# Machine Learning: Question Set – 10

#### In Machine Learning, what is Bayes’ theorem?

Using past knowledge, the Bayes’ theorem calculates the likelihood of any given event occurring. It is defined mathematically as the true positive rate of the provided sample condition divided by the sum of the said condition’s true positive rate and the population’s false positive rate.

Bayesian optimization and Bayesian belief networks are two of the most important applications of the Bayes’ theorem in Machine Learning. This theorem also serves as the cornerstone for the Machine Learning brand, which employs the Naïve Bayes classifier.

P(A | B) = (P(B | A) * P(A)) / (P(B))

Where P(B|A) is the probability of B occurring given proof that A has previously occurred.

#### How would you deal with an unbalanced dataset?

An imbalanced dataset occurs when, for example, a classification test has 90 percent of the data in one class. This causes issues: a 90% accuracy can be distorted if you have little predictive capacity on the other category of data! Here are a few strategies for getting over the hump:

- Collect more data to balance the dataset’s imbalances.
- Resample the dataset to eliminate imbalances.
- On your dataset, try a different approach entirely.

What matters here is that you have a deep understanding of the harm that an unbalanced dataset can do, as well as how to balance it.

#### Give an example of how ensemble approaches could be useful.

Ensemble approaches optimise predictive performance by combining learning algorithms. They often reduce overfitting in models and improve model robustness (unlikely to be influenced by small changes in the training data).

You may give some instances of ensemble methods, ranging from bagging to boosting to a “bucket of models” method, and show how they can improve predictive power.

#### What is the distinction between a Bayesian estimate and a Maximum Likelihood estimate?

We have some understanding of the data/problem while performing a bayesian estimate (prior). There may be various values of the parameters that explain data, thus we can look for multiple parameters that do this, such as 5 gammas and 5 lambdas. We receive numerous models for producing multiple predictions as a result of Bayesian Estimate, one for each pair of parameters but with the same prior. So, if a new example must be predicted, obtaining the weighted total of these forecasts is sufficient.

Maximum likelihood does not take prior into account, hence it is equivalent to being a Bayesian while utilizing some form of flat prior.

#### What exactly is Bayes’ Theorem? What role does it play in machine learning?

The Bayes’ Theorem calculates the posterior probability of an event given prior knowledge.

It is represented mathematically as the true positive rate of a condition sample divided by the sum of the population’s false positive rate and the true positive rate of a condition.

Assume you had a 60% likelihood of having the flu following a flu test, but the test will be false 50% of the time among those who had the flu, and the whole population had a 5% chance of having the flu. Would you really have a 60% risk of getting the flu if you had a positive test?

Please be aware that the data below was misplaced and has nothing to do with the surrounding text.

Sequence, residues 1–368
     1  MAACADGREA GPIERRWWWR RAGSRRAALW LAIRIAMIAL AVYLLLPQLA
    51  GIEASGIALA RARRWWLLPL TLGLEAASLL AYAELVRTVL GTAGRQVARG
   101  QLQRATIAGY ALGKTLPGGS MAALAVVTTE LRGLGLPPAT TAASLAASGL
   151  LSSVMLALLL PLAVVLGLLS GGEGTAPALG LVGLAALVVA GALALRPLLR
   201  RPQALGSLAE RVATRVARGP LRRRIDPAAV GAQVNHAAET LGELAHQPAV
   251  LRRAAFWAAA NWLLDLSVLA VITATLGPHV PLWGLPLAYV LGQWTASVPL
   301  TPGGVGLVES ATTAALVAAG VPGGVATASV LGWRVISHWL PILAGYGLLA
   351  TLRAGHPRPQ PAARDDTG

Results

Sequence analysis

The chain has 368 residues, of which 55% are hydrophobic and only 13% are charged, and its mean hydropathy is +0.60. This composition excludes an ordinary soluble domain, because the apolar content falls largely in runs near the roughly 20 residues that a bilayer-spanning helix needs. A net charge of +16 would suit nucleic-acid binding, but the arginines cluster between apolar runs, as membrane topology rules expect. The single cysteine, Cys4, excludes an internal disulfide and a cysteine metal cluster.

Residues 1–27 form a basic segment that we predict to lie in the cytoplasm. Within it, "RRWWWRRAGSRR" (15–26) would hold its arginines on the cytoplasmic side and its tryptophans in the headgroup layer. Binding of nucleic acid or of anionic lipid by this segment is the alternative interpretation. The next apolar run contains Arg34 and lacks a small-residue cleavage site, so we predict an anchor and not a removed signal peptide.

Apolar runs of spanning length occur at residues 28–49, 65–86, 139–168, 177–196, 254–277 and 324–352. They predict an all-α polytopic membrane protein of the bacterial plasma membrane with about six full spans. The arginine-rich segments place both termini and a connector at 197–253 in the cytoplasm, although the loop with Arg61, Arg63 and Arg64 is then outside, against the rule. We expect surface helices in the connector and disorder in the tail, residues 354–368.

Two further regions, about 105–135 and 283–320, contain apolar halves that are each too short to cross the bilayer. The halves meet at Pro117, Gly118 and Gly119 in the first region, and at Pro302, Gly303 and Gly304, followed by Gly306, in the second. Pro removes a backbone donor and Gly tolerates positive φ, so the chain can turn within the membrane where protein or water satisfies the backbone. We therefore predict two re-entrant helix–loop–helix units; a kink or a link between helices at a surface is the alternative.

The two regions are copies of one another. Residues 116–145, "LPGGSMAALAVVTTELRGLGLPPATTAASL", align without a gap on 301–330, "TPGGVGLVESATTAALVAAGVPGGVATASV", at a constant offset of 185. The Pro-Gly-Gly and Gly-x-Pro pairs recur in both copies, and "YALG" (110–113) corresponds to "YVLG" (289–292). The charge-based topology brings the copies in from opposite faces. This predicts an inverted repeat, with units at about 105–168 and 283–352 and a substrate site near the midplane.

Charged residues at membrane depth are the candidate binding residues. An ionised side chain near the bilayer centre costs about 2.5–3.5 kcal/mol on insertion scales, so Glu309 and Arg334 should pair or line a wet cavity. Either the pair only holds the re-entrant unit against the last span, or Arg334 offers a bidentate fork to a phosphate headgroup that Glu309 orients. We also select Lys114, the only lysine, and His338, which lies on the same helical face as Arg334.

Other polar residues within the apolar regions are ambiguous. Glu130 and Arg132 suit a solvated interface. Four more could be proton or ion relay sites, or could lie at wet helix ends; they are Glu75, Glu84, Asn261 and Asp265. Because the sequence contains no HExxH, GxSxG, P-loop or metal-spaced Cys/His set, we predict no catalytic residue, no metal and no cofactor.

No, according to Bayes’ Theorem. It states you have a (.6 * 0.05) (True Positive Rate of a Condition Sample) / (.6*0.05) (True Positive Rate of a Condition Sample) + (.5*0.95) (False Positive Rate of a Population) = 0.0594 or 5.94% probability of catching the flu.

The Naive Bayes classifier is based on Bayes’ Theorem, which is the foundation of a discipline of machine learning.

#### What makes “Naïve” Bayes so naïve?

Despite its practical applications, particularly in text mining, Naive Bayes is called “Naive” because it makes an assumption that is nearly impossible to observe in real-world data: the conditional probability is calculated as the pure product of the individual probabilities of components.

This implies complete feature independence – a criterion that is unlikely to be realized in actual life.

#### How should outlier values be handled?

Outlier is the data point which is quite different from most of the other data points in the given set.

Univariate or any other graphical analysis method can be used to identify outlier values. If the number of outlier values is small, they can be evaluated separately; however, if the number of outliers is considerable, the values can be substituted with either the 99th or 1st percentile values.

Outlier values are not all extreme values. The most popular methods for dealing with outlier values are:

- changing the value and bringing it into a range
- Simply removing the value.

#### What exactly is regularization? How does it help?

Regularizations are methods for decreasing error by fitting a function to a training set in an appropriate way to minimize overfitting.

There is a strong likelihood that the model will learn noise or data-points that do not represent any property of your genuine data when training. This can result in overfitting.

As a result, we apply regularization in our machine learning models to reduce this type of inaccuracy.

#### Describe the distinction between L1 and L2 regularization.

L2 regularization spreads error across all terms, whereas L1 is more binary/sparse, with more variables allocated 1 or 0 in weighting.

Setting a Laplacian prior on the terms corresponds to L1, whereas setting a Gaussian prior relates to L2.

**Additional Reading**: Ensemble Learning [Wiki]